The European Court of Justice has today (30 April) ruled in favour of the UK Government in the landmark ‘Woolworths’ case.

The long-awaited decision will be welcomed by business leaders and it will significantly reduce red tape and the costs associated with redundancy programmes.

The judgment, which has implications for large, multiple site companies across the UK, relates to a case involving former Woolworths and Ethel Austin employees who were made redundant in 2008 and 2010 respectively.

Background

The USDAW union, acting for the affected staff, brought claims in the Employment Tribunal for protective awards of up to 90 days’ pay per employee . Whilst staff working at larger stores received such awards, over 4,000 employees of the doomed retailers did not.

  This was because the Tribunal decided each individual store counted as one ‘establishment’ and, where there were fewer than 20 employees at a particular store, those employees were excluded from the collective consultation requirements and so were not entitled to protective awards.

USDAW successfully appealed to the Employment Appeal Tribunal (EAT) which decided in July 2013 that the UK legislation should be re-written in line with EU principles, so that the establishment where the workers were based became irrelevant.

The result was that employers had to collectively consult whenever there were 20 or more redundancies across their entire business. This greatly increased the likelihood that collective redundancy obligations would be engaged, and practically, made it very difficult for large employers to ensure they were complying with their obligations, or to carry out headcount reductions quickly and efficiently.

Having declined to participate in the EAT hearing, the UK Government brought an appeal against the court’s decision. The case was then heard last November by the Court of Appeal and referred to the Court of Justice of the European Union (CJEU).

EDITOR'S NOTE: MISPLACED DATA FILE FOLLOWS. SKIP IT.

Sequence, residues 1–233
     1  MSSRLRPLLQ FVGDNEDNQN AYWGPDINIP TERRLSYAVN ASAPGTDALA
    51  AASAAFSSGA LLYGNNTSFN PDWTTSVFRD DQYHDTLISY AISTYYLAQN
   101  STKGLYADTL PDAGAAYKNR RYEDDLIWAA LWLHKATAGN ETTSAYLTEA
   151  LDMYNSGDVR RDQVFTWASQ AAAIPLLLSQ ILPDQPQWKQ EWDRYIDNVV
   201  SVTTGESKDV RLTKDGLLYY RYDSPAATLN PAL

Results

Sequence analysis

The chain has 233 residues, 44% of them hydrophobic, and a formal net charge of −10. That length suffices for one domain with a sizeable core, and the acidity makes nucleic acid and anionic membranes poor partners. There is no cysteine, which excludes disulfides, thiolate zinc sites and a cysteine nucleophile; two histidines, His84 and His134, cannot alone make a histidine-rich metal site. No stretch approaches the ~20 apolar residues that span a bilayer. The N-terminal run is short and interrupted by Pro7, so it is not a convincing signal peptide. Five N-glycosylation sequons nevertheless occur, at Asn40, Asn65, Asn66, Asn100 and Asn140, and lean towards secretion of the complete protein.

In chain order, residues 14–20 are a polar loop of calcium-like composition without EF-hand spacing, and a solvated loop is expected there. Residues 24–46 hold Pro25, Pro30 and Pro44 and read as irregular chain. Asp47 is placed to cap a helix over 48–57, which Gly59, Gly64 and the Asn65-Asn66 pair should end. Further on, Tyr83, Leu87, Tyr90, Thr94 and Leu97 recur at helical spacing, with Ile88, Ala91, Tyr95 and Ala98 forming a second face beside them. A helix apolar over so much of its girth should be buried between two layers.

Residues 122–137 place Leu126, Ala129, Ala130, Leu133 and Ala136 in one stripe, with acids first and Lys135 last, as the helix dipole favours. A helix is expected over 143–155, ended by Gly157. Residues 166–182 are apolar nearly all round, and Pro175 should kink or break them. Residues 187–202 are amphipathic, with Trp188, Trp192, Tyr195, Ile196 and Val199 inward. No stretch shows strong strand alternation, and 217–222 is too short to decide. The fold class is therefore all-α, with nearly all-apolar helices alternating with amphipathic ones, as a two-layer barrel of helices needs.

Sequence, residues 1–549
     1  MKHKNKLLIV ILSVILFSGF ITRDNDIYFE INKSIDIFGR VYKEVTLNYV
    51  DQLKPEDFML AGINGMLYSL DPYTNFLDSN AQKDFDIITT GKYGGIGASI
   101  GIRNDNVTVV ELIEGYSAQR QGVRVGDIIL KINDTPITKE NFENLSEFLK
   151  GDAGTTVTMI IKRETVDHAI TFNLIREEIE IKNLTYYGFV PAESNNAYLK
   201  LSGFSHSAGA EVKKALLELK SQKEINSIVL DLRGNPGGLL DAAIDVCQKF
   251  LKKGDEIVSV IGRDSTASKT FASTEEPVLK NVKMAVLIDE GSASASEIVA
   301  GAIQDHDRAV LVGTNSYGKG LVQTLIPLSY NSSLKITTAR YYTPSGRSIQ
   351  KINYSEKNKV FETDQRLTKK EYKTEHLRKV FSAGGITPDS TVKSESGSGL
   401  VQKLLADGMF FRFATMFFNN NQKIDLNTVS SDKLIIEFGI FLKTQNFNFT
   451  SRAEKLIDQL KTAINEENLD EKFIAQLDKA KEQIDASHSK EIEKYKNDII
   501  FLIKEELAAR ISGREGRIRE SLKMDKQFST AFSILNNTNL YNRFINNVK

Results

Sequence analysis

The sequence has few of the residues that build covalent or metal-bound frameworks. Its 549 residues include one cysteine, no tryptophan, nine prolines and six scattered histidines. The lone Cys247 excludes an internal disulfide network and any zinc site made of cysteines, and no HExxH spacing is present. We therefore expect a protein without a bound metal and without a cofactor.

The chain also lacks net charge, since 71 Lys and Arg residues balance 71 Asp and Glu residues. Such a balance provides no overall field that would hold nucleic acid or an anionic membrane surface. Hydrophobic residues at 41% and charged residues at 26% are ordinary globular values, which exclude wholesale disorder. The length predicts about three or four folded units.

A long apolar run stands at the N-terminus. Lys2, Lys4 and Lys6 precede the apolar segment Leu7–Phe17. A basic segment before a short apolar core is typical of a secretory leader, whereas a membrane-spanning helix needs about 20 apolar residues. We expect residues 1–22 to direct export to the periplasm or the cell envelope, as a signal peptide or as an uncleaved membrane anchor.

Decision of the CJEU

Today’s CJEU decision has backed the UK Government and Advocate General’s opinion earlier this year which said that UK law and the interpretation of the European Collective Redundancy Directive were compatible.

It held that an 'establishment' refers to an individual workplace (in other words, the entity to which the workers made redundant are assigned to carry out their duties), not to the employer as a whole.

This paves the way for the Court of Appeal to reverse the decision of the EAT.

Implications for business

The decision is good news for businesses, particularly those with multiple sites and provides welcome certainty on what is already a complex area of the law.  It will lead to less costly and time-consuming redundancy exercises as companies will only have to collectively consult (e.g. consult in accordance with minimum timescales) where 20 or more staff at one establishment are to be made redundant within a period of 90 days.

It is also worth mentioning that on 23 March 2015, the Insolvency Service published a call for evidence on the collective redundancy rules for employers facing insolvency which suggests that a wider policy review on this area of law might be coming up.